Pope Francis and Grand Ayatollah Ali Al-Sistani, a preeminent Shiite figure, are scheduled to meet on Saturday for 40 minutes, in the cleric’s modest home in Najaf. Al-Sistani has not left his home Najaf in years and he rarely receives foreign dignitaries. He does not make public appearances and his sermons are delivered through his representatives.
The Vatican’s hope was that Francis would sign a document with the cleric pledging human fraternity, just as he did with Sunni Islam’s influential grand Imam of Al-Azhar, Ahmed El-Tayeb, based in Egypt. The signature was one of the priorities on the Pope’s agenda, but eventually, the Shitte officials in Najaf told Associated Press that Al-Sistani will not be signing any document and that he will rather issue a verbal statement.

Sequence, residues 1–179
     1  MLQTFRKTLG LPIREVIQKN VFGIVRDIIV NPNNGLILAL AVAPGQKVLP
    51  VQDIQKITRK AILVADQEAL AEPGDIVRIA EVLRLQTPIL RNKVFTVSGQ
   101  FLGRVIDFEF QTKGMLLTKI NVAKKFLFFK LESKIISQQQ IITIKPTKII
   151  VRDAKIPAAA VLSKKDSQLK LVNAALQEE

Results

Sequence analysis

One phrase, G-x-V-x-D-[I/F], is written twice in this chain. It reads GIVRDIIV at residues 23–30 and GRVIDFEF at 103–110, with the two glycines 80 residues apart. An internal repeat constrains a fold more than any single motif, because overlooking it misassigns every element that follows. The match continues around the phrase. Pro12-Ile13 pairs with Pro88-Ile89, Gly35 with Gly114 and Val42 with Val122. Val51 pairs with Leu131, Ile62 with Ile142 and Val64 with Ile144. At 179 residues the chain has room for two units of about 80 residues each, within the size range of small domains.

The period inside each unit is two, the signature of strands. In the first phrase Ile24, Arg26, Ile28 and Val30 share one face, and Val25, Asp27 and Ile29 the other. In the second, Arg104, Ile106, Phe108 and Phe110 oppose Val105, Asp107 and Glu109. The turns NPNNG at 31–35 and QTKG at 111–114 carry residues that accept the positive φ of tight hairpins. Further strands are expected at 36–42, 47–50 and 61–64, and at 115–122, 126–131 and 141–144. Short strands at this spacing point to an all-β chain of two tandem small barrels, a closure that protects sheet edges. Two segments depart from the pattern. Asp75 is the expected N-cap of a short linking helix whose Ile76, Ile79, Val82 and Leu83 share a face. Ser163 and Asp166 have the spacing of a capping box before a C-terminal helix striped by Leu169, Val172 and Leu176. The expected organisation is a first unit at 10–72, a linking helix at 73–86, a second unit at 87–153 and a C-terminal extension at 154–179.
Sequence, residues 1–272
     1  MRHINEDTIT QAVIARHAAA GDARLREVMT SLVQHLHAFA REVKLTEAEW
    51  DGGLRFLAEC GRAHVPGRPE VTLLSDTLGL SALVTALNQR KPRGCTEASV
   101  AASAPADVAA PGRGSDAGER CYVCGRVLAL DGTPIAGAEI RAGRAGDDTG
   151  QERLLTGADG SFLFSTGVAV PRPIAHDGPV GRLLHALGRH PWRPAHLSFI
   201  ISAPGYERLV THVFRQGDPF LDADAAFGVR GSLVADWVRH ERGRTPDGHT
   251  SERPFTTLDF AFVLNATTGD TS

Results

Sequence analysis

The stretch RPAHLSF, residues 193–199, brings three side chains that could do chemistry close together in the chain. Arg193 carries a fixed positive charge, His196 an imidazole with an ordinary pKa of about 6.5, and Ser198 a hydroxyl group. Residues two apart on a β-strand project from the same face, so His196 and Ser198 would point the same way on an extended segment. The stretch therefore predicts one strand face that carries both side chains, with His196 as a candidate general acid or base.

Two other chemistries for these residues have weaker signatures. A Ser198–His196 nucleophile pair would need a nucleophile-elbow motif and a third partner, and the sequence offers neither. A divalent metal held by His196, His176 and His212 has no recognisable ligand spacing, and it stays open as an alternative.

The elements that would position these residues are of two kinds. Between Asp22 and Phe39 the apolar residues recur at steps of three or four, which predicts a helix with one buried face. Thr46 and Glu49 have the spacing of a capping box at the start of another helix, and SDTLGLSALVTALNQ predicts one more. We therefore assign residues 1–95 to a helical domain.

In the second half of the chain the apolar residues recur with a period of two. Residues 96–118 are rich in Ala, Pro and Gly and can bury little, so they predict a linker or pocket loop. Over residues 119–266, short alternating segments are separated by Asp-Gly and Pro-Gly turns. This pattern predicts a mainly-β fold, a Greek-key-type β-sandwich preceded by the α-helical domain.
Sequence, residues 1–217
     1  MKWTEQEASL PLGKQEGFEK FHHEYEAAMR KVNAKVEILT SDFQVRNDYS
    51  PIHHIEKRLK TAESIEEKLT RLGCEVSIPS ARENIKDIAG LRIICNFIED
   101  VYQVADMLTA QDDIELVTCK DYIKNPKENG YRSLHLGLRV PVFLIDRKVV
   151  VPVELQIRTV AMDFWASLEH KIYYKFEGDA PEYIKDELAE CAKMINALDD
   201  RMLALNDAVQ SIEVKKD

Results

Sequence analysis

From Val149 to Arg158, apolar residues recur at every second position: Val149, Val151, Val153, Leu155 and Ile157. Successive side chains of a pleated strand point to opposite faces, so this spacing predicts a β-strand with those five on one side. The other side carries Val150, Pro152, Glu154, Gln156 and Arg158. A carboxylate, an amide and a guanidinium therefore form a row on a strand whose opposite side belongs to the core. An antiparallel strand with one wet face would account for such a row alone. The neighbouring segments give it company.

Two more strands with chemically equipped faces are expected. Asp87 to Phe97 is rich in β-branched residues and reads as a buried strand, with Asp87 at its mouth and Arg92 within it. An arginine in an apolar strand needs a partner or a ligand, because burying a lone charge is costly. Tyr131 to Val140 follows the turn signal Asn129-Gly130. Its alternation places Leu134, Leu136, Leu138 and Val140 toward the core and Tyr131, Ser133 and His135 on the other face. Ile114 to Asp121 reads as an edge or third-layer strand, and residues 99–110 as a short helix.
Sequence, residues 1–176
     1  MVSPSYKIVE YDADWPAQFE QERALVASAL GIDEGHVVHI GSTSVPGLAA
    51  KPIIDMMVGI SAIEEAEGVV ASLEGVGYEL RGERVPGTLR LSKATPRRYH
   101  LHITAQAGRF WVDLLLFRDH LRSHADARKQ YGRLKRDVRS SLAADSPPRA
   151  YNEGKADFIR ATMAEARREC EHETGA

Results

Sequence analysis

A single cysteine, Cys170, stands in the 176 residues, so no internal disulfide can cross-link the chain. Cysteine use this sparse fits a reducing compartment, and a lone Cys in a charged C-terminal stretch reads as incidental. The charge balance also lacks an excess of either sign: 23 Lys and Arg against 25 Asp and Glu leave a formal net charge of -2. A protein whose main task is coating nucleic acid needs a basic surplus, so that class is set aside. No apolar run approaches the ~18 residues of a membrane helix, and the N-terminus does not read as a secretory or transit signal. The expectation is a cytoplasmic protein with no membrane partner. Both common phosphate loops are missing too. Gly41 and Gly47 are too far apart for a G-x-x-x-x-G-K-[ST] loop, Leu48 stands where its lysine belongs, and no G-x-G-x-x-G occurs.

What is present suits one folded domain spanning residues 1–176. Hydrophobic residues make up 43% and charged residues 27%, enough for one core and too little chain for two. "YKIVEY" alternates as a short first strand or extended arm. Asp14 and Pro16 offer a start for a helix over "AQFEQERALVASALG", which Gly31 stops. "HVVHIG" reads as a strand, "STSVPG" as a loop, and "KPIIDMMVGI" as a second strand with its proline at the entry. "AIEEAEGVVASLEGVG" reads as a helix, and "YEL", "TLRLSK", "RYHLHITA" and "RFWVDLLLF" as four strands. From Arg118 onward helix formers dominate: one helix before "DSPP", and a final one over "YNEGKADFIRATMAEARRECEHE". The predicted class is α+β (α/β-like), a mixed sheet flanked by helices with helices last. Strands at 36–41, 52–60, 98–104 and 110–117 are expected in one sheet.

Al-Sistani’s son, Mohammad Ridha, will greet Francis at the entrance, and Al-Sistani, who usually remains seated for visitors will stand up for Pope Francis. The Pope will present some bound copies of his writings to the Cleric, including his latest one “Brothers All”.
On Wednesday, Pope Francis described the long-awaited meeting as another step forward in fraternity together with other religious leaders in the land of Abraham. Previously, in 2000, the then leader of the Catholic Church Pope John Paul had to cancel a planned trip to Iraq after negotiations broke down with the government of then-leader Saddam Hussein.